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TRAVEL Hints and Tips Post your TIPS to travellers - all the interesting little tidbits you learned on the road about packing, where to get stuff, and how to cope with problems. Please make sure the subject describes the tip clearly!
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  #1  
Old 17 Dec 2010
*Touring Ted*'s Avatar
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Tube repair failures !! I just don't get it !!

I've repaired more inner tubes with patches than I can remember !! One or two have failed but 99% have stayed on for 1000's of miles of no problem riding..

Right, me and my mate James are in Tanzania and suddenly (as if by magic), all our patches are falling off as are our repairs !

We have repaired the same holes time and time again. (6 flats in 24 hours in the baking heat is NO fun I can tell you).

The patches just wont stay on the tube... I have used three different brands of patches, glue etc. The same stuff I use at home with no issues...

Any ideas ??????

What I do to repair is.........

1. Thoroughly clean the contact area. Scrape away any old glue etc. Roughen it up with sandpaper etc.

2. Apply rubber solution to patch area and allow to go tacky for about 30-60 seconds.

3. Press on patch and apply pressure, working in the patch.

4. Waiting 5-10 mins.

The patch will hold on for a couple of hours or a hundred miles then start leaking and sometimes fall off.

I just don't get it !!! All I can think of is that it's the heat but my repairs lasted in 49c Sudan !! Can anyone think of a flaw in my practice or have any other info ?

I know patches are only meant to be a temp repair but on our trip, one spare tube is a luxury (and they have holes in too).

Cheers in advance, Ted
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  #2  
Old 17 Dec 2010
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I clean with petrol between #1 and #2 and I never touch the rubber solution with my (dirty) fingers.

What kind or tubes do you use? Some brands are more or less impossible to patch.
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  #3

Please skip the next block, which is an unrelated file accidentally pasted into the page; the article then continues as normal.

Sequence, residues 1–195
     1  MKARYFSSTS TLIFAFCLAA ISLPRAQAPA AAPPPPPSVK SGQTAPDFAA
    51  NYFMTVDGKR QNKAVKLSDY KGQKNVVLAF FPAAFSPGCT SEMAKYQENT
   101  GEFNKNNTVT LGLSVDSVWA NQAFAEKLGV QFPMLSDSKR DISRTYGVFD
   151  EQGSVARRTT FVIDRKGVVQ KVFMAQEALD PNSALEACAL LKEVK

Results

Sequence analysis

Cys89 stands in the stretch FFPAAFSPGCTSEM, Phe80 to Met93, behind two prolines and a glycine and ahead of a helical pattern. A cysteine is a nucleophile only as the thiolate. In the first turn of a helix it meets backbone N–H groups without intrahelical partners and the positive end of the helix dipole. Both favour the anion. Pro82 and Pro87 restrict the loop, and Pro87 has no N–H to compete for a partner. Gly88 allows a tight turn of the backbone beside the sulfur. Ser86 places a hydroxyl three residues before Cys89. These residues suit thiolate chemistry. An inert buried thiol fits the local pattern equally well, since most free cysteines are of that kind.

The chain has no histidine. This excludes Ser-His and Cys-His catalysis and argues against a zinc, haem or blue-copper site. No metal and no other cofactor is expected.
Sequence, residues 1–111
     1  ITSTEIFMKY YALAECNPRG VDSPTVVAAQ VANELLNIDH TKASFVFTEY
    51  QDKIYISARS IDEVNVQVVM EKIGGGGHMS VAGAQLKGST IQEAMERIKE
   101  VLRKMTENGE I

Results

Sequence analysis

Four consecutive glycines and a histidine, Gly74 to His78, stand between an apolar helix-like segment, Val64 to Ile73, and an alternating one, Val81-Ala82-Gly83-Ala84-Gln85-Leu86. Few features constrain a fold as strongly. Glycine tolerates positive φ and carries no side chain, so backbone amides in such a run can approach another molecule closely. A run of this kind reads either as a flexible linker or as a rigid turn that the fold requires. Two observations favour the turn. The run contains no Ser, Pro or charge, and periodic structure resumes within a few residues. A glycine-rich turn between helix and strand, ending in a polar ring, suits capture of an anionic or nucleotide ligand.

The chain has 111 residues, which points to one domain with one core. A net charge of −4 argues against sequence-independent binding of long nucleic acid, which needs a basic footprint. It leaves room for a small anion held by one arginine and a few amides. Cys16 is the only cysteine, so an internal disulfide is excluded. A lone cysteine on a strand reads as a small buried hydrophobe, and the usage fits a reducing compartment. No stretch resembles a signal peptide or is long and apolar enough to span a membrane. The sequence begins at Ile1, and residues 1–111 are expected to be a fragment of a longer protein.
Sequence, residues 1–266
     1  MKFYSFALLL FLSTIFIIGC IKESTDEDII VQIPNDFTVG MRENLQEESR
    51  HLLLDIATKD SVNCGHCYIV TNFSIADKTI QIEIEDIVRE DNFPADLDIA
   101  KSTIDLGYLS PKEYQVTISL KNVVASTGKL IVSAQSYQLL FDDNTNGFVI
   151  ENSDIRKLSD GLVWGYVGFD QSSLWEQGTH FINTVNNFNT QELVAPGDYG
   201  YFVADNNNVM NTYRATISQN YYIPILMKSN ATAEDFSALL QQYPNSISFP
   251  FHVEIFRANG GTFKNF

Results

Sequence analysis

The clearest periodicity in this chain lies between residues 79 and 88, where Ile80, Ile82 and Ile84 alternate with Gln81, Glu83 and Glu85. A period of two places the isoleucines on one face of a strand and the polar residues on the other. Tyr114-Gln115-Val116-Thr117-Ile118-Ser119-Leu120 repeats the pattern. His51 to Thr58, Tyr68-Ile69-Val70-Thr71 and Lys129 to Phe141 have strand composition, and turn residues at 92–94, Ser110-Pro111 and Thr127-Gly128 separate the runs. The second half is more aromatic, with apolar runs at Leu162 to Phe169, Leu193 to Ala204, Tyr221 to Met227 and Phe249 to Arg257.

Old 17 Dec 2010
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Quick thoughts:,
could the patches have perrished in storage, exacerbated by the heat?
Is the tyre slipping round, pulling off the patches?
Could you try a repair late at night, when it's cooler incase the heat is drying the rubber out too quickly.
In Morocco the tyre repair shops put the patch and tube in a press while it cures.
Good luck
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  #4  
Old 17 Dec 2010
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Ted, I agree with Alibaba on this one, a cleanish rag with a little gasoline on to remove any silicone from the mould when the tube was made or the inner of the tyre is essential...... try the gasoline trick, after all, what ya really got to lose?

Also try to let the glue 'set' up a little more...i like to leave it for about 2 or 3 mins to get very tacky, nearly dry, this makes it more like an impact adhesive..( remember the patch is also 'sticky' when you peel the film off...... then put the tube against something firm like a book and really press hard on the patch ( OK, Ok im teaching you how to suck eggs here...sorry)

Good Luck!!!
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  #5  
Old 17 Dec 2010
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hello Ted

Hi Ted,

so you made to Tanzania on your expensive rear tyre ;-)

very good.

my first thought of your problem was:

the glue is old (the tube has been open for too long) so the new patches wont stick anymore.

but this wont explain why the old patches (that you put on a long time ago) would also come off.

I stoped using this TipTop (in the green box) patches after one came off with the heat in Australia - but I would still carry them for emergencies (always with new glue every six months or so)

As you know, most of the places in Africa that fix tubes dont use this patches, they cut up an old tube to make a patch, use their own glue and enough heat to *glue* and press them together. I never had one of this patches come off.

my advise: take the tube to a local tyre fixing place and ask the guy to take all the TipTop patches off and fix the holes with his method (make him clean the tube with petrol-or do it yourself). watch him and if you dont trust his job, go to another place.

At Alibaba:

*What kind or tubes do you use? Some brands are more or less impossible to patch.*

I have never heard of this, which brand do you mean?


Ted, enjoy your trip and ride safe
Greetings from Brazil
Mika
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  #6  
Old 17 Dec 2010
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Hi Ted,

"Roughen it up with sandpaper etc."

You've planted that 'etc' where a whole lot of other stuff should be.
What do you use for roughening up? I long ago gave up with the stupid bits of paper you find in the repair kits. I use a cut-up fairly coarse (don't remember the grit No.) sanding band used on floor sanders.
And rub until every trace of moulding mark, embossed pattern or seam mark has gone.
That leaves a lot of powder and grit in the surface of the rubber.
AliBaba says to use petrol, which sounds pretty good. I never do, but give the surface a thorough flicking, not rubbing, with a clean cloth. Like you're dusting the Crown Jewels......

Either way you need to get rid of all that dust without further contamination. (But I'm sure you know all this anyway).
Then proceed as you describe.

But there's one other item that I use that's missing, and may be important when you're in a hot place.
The hotter it is, the more 'sticky' or 'tacky' will be the surface of the patch and the inside of your tyre. If the two stick together just lightly and you're not on the smoothest of roads, then the patch will be disturbed. (You probably know all this as well).